May 27th, 2008


No Longer So Alone

The Phoenix Lander on Mars

On Sunday NASA managed to get the Phoenix lander to make a soft touchdown in the Martian Arctic. Now that's cool enough news -- Mars has a long and quite international history of eating spacecraft. But here's the thing: We got photos. Of the lander in its shell coming down under its parachute. No, really!

Here's one source and commentary I found.

HiRISE spots Phoenix as it falls
This amazing photo shows the Phoenix lander, still protected inside its backshell and heat shield, stretched out below its parachute (at the top of the image). It was taken by the HiRISE camera on Mars Reconnaissance Orbiter as Phoenix descended, a speeding bullet photographed by a speeding bullet. Credit: NASA / JPL / U. Arizona

But then there's this:
Mars Reconnaissance Orbiter's High Resolution Imaging Science Experiment (HiRISE) camera acquired this image of Phoenix hanging from its parachute as it descended to the Martian surface. Shown here is a 10 kilometer (6 mile) diameter crater informally called "Heimdall," and an improved full-resolution image of the parachute and lander. Although it appears that Phoenix is descending into the crater, it is actually about 20 kilometers (about 12 miles) in front of the crater.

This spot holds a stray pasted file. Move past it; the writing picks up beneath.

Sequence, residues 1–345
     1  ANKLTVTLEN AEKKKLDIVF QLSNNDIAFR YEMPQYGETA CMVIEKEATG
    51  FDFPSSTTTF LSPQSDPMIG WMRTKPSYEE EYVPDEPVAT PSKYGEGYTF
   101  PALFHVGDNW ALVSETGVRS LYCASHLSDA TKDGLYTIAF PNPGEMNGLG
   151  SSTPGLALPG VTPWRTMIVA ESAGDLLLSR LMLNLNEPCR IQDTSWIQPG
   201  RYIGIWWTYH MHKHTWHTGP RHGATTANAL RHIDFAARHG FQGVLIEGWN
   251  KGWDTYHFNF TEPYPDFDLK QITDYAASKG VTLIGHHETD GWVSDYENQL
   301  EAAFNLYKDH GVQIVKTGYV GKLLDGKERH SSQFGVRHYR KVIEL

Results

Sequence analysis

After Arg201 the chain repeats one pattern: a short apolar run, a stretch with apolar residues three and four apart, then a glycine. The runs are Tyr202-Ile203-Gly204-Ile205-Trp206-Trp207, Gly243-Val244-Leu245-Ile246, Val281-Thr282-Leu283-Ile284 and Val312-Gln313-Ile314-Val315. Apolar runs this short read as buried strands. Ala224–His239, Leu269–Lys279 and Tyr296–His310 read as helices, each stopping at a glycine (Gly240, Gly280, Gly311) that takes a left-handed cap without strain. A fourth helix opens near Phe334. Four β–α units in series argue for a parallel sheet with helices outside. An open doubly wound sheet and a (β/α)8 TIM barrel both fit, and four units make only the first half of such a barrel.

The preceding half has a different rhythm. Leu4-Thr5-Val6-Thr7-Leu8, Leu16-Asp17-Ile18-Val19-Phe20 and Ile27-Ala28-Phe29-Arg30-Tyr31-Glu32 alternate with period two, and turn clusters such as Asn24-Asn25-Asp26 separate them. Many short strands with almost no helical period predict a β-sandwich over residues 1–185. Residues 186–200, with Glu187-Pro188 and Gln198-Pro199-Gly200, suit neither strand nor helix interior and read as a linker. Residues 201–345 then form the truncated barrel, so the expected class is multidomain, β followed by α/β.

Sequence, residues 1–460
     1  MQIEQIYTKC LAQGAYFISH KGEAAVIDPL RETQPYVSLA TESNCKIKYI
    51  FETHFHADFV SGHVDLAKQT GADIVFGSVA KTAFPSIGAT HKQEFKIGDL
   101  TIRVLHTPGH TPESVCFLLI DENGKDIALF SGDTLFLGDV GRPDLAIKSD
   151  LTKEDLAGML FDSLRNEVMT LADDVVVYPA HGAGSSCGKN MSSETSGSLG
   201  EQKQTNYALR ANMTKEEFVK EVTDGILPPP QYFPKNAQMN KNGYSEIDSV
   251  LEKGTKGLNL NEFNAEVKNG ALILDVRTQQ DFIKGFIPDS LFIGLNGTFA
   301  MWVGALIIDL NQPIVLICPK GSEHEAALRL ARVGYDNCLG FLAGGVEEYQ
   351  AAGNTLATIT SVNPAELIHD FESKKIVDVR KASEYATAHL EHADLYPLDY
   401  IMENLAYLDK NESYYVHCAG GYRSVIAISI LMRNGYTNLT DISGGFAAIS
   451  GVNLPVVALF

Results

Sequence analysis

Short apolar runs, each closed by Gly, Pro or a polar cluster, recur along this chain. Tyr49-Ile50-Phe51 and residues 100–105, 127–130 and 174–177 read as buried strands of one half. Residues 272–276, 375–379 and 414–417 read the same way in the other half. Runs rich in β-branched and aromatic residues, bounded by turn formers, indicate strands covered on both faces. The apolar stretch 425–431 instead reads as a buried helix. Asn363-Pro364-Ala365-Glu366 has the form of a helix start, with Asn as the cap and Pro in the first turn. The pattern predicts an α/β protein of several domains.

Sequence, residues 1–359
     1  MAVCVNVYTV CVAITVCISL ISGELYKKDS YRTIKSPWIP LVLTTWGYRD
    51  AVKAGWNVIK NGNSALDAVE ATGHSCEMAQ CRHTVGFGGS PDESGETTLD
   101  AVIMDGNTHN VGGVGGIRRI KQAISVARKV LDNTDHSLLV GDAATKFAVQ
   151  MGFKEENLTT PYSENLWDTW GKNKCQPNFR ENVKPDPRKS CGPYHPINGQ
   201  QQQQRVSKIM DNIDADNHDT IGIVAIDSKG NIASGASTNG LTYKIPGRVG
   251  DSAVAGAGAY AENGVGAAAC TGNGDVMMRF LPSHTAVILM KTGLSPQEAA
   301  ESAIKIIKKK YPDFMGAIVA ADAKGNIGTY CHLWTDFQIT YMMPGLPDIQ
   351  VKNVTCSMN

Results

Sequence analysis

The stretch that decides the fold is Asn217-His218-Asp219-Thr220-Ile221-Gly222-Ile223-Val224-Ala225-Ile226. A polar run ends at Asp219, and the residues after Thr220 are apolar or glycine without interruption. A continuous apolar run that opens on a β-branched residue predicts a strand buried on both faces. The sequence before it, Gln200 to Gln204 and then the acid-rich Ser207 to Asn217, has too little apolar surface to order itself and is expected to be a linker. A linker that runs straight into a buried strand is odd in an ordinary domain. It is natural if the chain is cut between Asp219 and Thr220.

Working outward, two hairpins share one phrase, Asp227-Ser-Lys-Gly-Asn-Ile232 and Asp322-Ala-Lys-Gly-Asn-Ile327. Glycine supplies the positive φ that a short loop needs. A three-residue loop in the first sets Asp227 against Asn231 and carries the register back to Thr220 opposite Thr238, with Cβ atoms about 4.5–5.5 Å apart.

The Phoenix Mission is led by the University of Arizona, Tucson, on behalf of NASA. Project management of the mission is by NASA's Jet Propulsion Laboratory, Pasadena, Calif. Spacecraft development is by Lockheed Martin Space Systems, Denver.

NASA/JPL-Caltech/University of Arizona

Click here for the full image.

This Is Incredible!

Just the other month I gave a talk on the difficulty of seeing things in space from Earth. For example, we cannot see the Apollo landing sites from the Earth. But there are a couple of pictures which just manage to show the landers at the Apollo 15 and 17 sites taken from lunar orbit. And there's a shot of one of the Mars rovers taken from Mars orbit.

But this! This is in the class of the live TV picture of the launch of the Apollo 17 Lunar Module ascent stage taking off from the Moon, as shot by remote control from the lunar rover, including the Earth-Moon time delay for starting the camera pan before the image began to move... This took programming to get the orbiting camera to point at the right place at the right time.

This is, pardon my French, Un-Fucking-Believable!

Dr. Phil

UPDATE: I'm not the only one (by far) gushing about this. This is what smart people can do.
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